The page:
feeling her way with those gloves of hers. But don't you
comprehend her on any account. And if Pa should tell you when he
comes back, that he has it in contemplation to make Mrs General
your mama (which is not the less likely because I am going away),
my advice to you is, that you say at once," Papa, I beg to object
most strongly. Fanny cautioned me about this, and she objected,
and I object." I don't mean to say that any objection from you,
Amy, is likely to be of the smallest effect, or that I think you
likely to make it with any degree of firmness. But there is a
principle involved--a filial principle--and I implore you not to
submit to be mother-in-lawed by Mrs General, without asserting it
in making every one about you as uncomfortable as possible. I
don't expect you to stand by it--indeed, I know you won't, Pa being
concerned--but I wish to rouse you to a sense of duty. As to any
help from me, or as to any opposition that I can offer to such a
match, you shall not be left in the lurch , my love. Whatever
weight I may derive from my position as a married girl not wholly
devoid of attractions--used, as that position always shall be, to
oppose that woman--I will bring to bear, you May depend upon it, on
the head and false hair (for I am confident it's not all real, ugly
as it is and unlikely as it appears that any One in their Senses
would go to the expense of buying it) of Mrs General!'
Little Dorrit received this counsel without venturing to oppose it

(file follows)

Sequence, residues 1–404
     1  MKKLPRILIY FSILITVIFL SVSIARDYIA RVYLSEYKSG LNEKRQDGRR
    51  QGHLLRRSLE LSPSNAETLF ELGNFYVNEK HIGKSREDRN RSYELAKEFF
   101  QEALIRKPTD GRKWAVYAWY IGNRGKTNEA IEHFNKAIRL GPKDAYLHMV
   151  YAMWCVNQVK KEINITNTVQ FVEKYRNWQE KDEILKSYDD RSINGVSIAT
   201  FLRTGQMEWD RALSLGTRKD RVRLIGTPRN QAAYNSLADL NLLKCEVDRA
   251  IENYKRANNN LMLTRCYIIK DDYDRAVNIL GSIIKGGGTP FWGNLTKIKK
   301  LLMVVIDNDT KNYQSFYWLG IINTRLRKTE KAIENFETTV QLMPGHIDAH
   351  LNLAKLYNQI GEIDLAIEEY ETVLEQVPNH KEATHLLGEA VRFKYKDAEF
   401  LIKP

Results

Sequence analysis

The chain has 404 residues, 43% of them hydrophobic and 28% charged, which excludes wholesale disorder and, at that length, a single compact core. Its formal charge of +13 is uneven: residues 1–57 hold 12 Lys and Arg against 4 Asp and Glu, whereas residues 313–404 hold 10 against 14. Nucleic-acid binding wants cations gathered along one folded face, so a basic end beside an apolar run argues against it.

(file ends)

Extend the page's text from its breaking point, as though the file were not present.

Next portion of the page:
but without giving Fanny any reason to believe that she intended to
act upon it. Having now, as it were, formally wound up her single
life and arranged her worldly affairs, Fanny proceeded with
characteristic ardour to prepare for the serious change in her
condition.

The preparation consisted in the despatch of her maid to Paris
under the protection of the Courier, for the purchase of that
outfit for a bride on which it would be extremely low, in the
present narrative, to bestow an English name, but to which (on a
vulgar principle it observes of adhering to the language in which
it professes to be written) it declines to give a French one. The
rich and beautiful wardrobe purchased by these agents, in the
course of a few weeks made its way through the intervening country,
bristling with custom-houses, garrisoned by an immense army of
shabby mendicants in uniform who incessantly repeated the Beggar's
Petition over it, as if every individual warrior among them were